Did the insured understand and act to serve the duty owed to employees and the public? What is the reasonable knowledge the firm should have regarding the COVID-19 operating environment, and when should that knowledge have been gained and applied? Did the firm open prematurely based on government directives? Did employees feel compelled to report for work based on direct or indirect financial ramifications the employer set for staff? Do standards of gross negligence appear breached by the insured’s actions or omissions?

With 25 million small and midsize enterprises in the U.S., it’s easy to imagine the wide variety of circumstances that will be occurring as businesses begin to re-engage, and the probability of lawsuits being filed against employers and businesses triggered by persons contracting COVID-19 and alleging personal injury or financial damage as a result.

Will the assumption of risk be a concern for an insured party or a claim action taken by a carrier? That is to be considered as time goes along.

Here are some steps the parties can take to help strengthen the application of policy provisions and conditions and minimize the unknown:

Insured businesses

  • Follow government dictates regarding approval to reopen the business.
  • Know and share with staff current safe operating guidelines established by the Centers for Disease Control and Prevention, Occupational Safety and Health Administration, your state department of labor or local authorities. These standards are commonly available.
  • Establish uniform screening standards for employees arriving for work or during work hours as warranted. Temperature, symptom screening and asking the employee of any health symptoms is a minimum.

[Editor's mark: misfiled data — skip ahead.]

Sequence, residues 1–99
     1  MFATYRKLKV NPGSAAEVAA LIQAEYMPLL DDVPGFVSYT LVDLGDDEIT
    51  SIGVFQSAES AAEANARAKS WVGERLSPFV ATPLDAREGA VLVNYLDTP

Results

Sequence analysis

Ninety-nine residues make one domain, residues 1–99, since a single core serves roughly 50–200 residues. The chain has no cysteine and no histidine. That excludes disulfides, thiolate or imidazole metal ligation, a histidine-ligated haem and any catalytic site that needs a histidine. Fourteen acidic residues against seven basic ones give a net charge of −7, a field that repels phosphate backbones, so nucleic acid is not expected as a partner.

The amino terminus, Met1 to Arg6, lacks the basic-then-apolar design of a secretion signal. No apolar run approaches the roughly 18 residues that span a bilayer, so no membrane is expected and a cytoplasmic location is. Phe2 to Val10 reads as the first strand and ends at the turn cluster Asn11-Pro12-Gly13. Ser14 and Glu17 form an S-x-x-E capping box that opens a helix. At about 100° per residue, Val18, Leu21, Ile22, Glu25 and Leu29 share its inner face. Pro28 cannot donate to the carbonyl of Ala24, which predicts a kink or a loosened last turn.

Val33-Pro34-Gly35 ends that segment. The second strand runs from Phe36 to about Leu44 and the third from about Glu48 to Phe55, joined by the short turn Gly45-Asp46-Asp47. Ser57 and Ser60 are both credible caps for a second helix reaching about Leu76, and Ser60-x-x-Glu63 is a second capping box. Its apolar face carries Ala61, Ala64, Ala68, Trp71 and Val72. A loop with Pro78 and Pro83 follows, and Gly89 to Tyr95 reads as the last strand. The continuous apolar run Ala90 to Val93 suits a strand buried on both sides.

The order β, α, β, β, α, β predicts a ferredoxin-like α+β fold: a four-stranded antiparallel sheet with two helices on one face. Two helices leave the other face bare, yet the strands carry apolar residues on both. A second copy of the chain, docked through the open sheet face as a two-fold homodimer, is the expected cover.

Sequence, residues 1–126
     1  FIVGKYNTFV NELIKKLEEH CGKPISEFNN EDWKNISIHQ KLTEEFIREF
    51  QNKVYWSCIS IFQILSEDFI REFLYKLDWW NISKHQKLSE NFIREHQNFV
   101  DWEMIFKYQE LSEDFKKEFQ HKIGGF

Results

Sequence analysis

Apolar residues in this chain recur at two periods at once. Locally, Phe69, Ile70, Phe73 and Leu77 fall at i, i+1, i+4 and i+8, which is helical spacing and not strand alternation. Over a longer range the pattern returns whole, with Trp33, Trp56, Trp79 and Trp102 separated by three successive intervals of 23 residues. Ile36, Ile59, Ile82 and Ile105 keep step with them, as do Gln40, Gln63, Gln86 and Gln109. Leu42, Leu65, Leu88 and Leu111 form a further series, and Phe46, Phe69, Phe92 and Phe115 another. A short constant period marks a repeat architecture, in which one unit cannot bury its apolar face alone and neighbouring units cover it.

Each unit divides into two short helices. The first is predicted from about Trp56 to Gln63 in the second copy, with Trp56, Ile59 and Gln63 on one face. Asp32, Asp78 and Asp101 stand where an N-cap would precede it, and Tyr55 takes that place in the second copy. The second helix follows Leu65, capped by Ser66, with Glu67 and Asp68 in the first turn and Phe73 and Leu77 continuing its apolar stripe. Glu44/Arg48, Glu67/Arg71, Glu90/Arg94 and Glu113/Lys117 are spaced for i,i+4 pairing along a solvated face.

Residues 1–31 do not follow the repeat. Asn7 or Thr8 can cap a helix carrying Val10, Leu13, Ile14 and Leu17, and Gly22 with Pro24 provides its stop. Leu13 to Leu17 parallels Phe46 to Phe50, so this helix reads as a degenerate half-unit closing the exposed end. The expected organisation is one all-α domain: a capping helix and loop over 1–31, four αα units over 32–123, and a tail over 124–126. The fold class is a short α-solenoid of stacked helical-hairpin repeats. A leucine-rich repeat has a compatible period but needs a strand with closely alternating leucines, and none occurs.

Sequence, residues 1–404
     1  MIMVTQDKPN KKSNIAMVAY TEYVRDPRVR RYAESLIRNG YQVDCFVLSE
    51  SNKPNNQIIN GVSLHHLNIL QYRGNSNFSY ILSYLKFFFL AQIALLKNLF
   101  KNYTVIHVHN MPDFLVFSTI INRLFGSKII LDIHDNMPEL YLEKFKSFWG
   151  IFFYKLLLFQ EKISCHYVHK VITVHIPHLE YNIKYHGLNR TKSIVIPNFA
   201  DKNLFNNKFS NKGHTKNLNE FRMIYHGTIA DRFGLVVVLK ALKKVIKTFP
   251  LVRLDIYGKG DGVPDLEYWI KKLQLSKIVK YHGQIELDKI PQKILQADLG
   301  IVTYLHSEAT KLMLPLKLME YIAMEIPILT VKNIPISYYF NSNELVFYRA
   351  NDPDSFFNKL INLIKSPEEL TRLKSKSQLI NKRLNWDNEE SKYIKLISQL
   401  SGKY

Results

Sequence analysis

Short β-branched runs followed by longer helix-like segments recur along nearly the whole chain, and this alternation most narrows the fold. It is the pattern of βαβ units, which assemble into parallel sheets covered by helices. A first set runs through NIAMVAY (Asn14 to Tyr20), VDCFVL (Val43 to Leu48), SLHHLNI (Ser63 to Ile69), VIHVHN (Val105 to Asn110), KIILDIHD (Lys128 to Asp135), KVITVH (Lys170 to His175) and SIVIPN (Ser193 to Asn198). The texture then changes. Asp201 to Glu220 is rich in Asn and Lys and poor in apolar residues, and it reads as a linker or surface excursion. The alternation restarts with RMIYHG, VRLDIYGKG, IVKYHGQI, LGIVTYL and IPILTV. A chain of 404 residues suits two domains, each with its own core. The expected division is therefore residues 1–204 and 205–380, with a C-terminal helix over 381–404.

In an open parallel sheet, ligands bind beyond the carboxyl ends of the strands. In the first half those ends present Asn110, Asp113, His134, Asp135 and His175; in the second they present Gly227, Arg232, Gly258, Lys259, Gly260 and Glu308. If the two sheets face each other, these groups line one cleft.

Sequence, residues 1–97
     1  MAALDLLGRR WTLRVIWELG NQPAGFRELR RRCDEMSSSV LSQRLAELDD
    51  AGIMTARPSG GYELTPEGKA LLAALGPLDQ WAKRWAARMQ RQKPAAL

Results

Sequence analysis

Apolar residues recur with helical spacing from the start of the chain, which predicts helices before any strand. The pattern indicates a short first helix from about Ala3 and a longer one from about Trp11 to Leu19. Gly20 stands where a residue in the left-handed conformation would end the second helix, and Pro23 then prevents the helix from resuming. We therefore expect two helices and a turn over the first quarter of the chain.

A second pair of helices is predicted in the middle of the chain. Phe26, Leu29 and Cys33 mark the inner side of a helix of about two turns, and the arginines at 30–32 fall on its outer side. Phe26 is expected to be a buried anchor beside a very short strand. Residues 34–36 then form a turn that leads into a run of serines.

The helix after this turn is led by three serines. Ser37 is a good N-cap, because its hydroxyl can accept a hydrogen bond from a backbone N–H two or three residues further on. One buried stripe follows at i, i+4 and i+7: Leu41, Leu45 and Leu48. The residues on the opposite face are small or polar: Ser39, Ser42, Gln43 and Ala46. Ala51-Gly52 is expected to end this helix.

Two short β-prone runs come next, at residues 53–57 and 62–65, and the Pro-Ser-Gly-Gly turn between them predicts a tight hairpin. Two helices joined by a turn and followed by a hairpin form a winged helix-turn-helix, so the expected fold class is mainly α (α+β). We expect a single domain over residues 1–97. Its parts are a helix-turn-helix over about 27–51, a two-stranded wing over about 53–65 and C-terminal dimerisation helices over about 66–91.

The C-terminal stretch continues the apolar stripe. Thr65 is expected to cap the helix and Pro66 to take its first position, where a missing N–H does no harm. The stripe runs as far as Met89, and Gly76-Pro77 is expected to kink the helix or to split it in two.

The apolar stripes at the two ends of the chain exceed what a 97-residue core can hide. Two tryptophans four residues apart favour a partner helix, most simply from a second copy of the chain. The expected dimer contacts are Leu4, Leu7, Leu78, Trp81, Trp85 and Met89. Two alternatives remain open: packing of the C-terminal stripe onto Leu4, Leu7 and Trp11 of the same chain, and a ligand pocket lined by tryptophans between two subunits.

• Maintain uniform, easily accessible records of screening and any employee health incidents, the more detailed, the better. Having the records in digital format is ideal.
  • Communicate standards as they change either from government or organization sources. Ensure uniform communication and keep records of those communications.
  • Communicate any suspected cases to the local health department, log any guidance received, and confirm communication to the subject.
  • Keep public notices of required customer and vendor behaviors up to date. Gently communicate to customers and vendors who may not be in compliance and record exception cases.
  • Consider having a third-party expert assist with crafting a screening, communication and recordkeeping program.

Carriers

  • Maintain periodic written communication with your insureds: helpful tips, technical advice and sincere empathy.
  • Provide specific advice regarding following the directions civil authorities provide and keep a chronology of when advice changes.
  • Remind insureds about compliance with shutdown parameters, the need for uniform screening, and the need for detailed recordkeeping.
  • Do not pre-judge claim scenarios (hypotheticals), but do provide reminders of coverage.
  • Recommend insureds engage third-party help in establishing a screening and communication and recordkeeping program.

These are not exhaustive lists but are a good place to start. Up-front efforts will be much easier to handle than a denial of coverage will be. Stay safe and well, and install common-sense measures.

Author’s note: My thanks to my discussion partner, risk management attorney and analyst Hale Stewart JD, LL.M., based in Houston, Texas.

Patrick Kelahan, better known as “The Insurance Elephant,” is a building consultant and forensic market strategist with H2M architects + engineers, and many years’ experience in the insurance industry. He can be reached at pkelahan@h2m.com, and you can follow him on Twitter at @InsuranceEleph1. The opinions expressed here are the author’s own.